four score and seven years ago our forefathers brought forth on this continent a new nation, conceived in liberty, and dedicated to the proposition that all men are created equal. Now we are engaged in a great civil war, testing whether that nation, or any nation, so conceived and so dedicated, can long endure. We are met on a great battlefield of that war. We have come to dedicate a portion of that field, as a final resting place for those who here gave their lives that that nation might live. It is altogether fitting and proper that we should do this. But, in a larger sense, we cannot dedicate-we cannot consecrate-we cannot hallow-this ground. The brave men, living and dead, who struggled here, have consecrated it, far above our poor power to add or detract. The world will little note, nor long remember what we say here, but it can never forget what they did here. It is for us to living, rather, to be dedicated here to the unfinished work which they who for here have thus far so nobly advanced. It is rather for us to be here dedicated to the great task remaining before us-that from these honored dead we take increased devotion to that cause for which they gave the last full measure of devotion-that we here highly resolve that these dead shall not have died in vain-that this nation, under God, shall have a new birth of freedom-and that government of the people, by the people, for the people, shall not perish from the earth.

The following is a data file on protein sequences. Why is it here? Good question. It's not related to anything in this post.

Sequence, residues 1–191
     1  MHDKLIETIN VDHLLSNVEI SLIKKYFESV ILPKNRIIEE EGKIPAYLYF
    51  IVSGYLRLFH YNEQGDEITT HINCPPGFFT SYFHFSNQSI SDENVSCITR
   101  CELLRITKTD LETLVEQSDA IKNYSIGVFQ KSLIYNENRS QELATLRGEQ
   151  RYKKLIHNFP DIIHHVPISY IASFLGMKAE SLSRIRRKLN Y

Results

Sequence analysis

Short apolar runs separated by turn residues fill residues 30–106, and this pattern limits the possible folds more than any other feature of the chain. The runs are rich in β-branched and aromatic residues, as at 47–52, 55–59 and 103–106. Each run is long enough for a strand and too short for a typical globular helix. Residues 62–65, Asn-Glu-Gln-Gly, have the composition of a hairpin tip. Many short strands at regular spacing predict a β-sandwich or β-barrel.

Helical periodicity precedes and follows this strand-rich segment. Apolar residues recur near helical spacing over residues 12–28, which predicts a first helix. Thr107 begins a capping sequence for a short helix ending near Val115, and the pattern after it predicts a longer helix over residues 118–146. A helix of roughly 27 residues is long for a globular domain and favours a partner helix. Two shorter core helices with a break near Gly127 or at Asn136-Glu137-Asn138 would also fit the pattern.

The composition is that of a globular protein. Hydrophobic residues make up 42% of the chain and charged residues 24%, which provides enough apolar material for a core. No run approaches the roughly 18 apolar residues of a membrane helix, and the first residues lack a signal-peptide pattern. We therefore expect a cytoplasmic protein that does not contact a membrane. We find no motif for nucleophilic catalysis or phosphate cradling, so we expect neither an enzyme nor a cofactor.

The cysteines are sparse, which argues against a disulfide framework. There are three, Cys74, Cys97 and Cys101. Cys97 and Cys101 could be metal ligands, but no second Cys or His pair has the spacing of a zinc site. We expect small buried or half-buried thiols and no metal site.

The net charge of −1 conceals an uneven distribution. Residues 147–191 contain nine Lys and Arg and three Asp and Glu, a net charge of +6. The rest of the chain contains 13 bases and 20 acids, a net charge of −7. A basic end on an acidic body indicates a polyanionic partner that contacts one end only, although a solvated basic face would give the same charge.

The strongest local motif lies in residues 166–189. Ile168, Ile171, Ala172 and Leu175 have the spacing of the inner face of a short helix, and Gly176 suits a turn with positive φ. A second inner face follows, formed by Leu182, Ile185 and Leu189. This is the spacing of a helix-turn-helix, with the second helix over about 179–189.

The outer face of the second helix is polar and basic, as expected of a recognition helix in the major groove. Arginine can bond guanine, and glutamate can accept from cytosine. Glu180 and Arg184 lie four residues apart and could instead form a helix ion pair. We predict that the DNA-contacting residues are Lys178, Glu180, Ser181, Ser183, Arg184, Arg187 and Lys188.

That took two minutes and 10 seconds and had even fewer mistakes. I can’t imagine that proofing and editing what I just spoke would take much longer than if I had typed it and then had to fix my typos.

I’m eager to keep experimenting with the program to see exactly what it can do. I’m thankful that I work alone, because I can imagine that the initial thrill experienced by my coworkers upon hearing me talk to my computer would quickly wear off.

Posted in All, Software, Technology on Oct 2nd, 2008, 6:31 pm by David Schrag   

2 Responses

  1. October 3rd, 2008 | 2:27 am

    Thanks David for the post. I suffer from RSI and what has saved my carrer is this product from Natural Point, called SmartNav. You can read more about it on my blog. I think I may eventually have to try this voice recognition software.

    http://www.gnetsolutions.info/category/technology-reviews/

  2. Michael Pahre
    October 3rd, 2008 | 10:04 am

    Hey, sounds like voice recognition is now pretty fast and accurate. I’m a quick typist, and it took me 3’20” to type it in and a little longer (total 4′) to spell-check/proofread a similar number of mistakes to what your software produced. Maybe we should all switch over to VRS soon.